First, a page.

Despite claims of timely payment of MGNREGA wages, a new study has shown that wage payments were delayed for 71 per cent of the transactions beyond the mandated seven days, 44 per cent of the transactions beyond the mandated 15 days and 14 per cent of the transactions beyond the mandated 30 days.
The study was conducted on about 1.8 million transactions between April 2021 and September 2021 by randomly sampling 10 percent of the Fund Transfer Orders (FTOs) from one block per district per state for 10 states. It was conducted by LibTech India and the People’s Action for Employment Guarantee (PAEG).
LibTech India is a team of engineers, social workers, and social scientists who, inspired by the Right to Information movement and the idea of social audits, focus on various aspects of improving transparency, accountability, and democratic engagement in rural public services delivery.
Normally, the MGNREGA payment process consists of 2 Stages.
After work is completed, a Funds Transfer Order (FTO) with worker details is digitally sent to the Central Government by panchayat/block.
This is called Stage 1 and it’s the state’s responsibility.
The Central government then processes the FTOs and transfers wages directly to the workers’ accounts. This is called Stage 2 which is entirely the Central government’s responsibility.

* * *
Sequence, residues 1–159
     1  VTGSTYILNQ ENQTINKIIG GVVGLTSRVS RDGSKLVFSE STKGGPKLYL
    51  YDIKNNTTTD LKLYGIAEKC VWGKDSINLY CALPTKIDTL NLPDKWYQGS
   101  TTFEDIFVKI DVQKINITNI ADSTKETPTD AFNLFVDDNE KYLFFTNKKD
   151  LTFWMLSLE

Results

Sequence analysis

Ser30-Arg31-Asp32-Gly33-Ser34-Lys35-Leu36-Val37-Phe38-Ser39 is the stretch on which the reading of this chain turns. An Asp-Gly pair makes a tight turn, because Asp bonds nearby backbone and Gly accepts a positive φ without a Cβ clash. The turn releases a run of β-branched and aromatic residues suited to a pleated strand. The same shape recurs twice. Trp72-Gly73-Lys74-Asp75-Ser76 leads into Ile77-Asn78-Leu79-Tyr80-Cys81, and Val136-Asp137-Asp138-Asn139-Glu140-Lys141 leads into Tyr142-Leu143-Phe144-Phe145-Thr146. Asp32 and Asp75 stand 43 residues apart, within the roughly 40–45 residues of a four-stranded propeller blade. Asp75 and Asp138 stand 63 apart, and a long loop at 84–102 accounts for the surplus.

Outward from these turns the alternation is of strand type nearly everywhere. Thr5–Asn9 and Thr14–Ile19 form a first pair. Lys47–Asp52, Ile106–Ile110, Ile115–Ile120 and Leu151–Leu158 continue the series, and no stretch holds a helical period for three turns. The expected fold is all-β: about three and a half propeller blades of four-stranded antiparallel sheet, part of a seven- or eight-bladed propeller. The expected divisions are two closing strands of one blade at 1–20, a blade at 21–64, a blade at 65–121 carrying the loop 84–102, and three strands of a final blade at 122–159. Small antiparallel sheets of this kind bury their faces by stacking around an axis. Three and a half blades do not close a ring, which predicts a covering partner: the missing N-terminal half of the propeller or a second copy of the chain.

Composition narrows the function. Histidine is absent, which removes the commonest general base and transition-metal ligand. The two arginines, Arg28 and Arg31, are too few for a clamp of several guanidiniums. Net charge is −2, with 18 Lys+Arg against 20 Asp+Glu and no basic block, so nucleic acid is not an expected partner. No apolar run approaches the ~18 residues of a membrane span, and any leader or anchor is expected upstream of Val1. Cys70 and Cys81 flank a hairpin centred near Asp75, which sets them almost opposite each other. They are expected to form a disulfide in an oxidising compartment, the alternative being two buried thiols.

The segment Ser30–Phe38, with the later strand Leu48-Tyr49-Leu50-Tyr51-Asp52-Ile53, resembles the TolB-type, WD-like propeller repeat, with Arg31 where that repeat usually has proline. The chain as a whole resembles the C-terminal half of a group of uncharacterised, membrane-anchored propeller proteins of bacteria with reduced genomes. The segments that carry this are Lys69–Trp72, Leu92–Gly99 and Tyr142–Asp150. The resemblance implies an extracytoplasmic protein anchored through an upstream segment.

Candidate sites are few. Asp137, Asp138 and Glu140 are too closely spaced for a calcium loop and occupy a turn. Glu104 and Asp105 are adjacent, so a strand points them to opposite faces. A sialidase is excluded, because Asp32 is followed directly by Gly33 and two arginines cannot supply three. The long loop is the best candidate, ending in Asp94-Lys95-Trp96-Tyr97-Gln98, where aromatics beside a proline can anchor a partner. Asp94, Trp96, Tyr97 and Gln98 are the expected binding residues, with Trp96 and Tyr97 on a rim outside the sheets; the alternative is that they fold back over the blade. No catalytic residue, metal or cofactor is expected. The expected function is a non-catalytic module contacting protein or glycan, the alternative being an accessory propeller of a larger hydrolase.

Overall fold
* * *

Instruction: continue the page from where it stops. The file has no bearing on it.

As per the Act’s guidelines, Stage 1 must be completed in 8 days and Stage 2 must be completed within 7 days after Stage 1. Workers are entitled to delay compensation for each day’s delay beyond 15 days.
The study meanwhile, also showed that some of the poorer states suffer higher delays.
Stage 2 for nearly two-thirds transactions in Jharkhand exceeded 15 days. Stage 2 for half or more than half of the transactions of Madhya Pradesh, Chhattisgarh, and West Bengal exceeded 15 days.
In March 2021, the Central government segregated payment of wages based on the caste category of workers.
They are at odds with the universal nature of the programme. Caste based payments create very little protection for marginalized communities. On the contrary, it has increased the work of block officials and fractured communities across caste and religious lines.
The study also showed that Stage 2 for 46 per cent of the wage payments to SCs was completed in the mandated 7-day period and Stage 2 for 80 per cent of the wage payments to SCs was completed in 15 days. This was 37 per cent and 63 per cent for STs.
For the ‘Other’ category, only 26 per cent payments were completed in 7 days and only 51 per cent payments were completed in 15 days.
The difference in Stage 2 by caste was highest in September, the study showed. “The Centre stands in contravention of the Act and Supreme Court orders by not paying the delay compensation payable to workers due to Stage 2 delays,” the study showed.
“What we are seeing are at least three different yet connected issues. First, the continued delays in payment of wages. Second, arbitrary technological interventions in the payments process whose conceived rationale and observed outcomes are at odds and third is difficulties faced by workers and officials alike in resolving payment related grievances owing to adoption of opaque technical architecture,” the study said.
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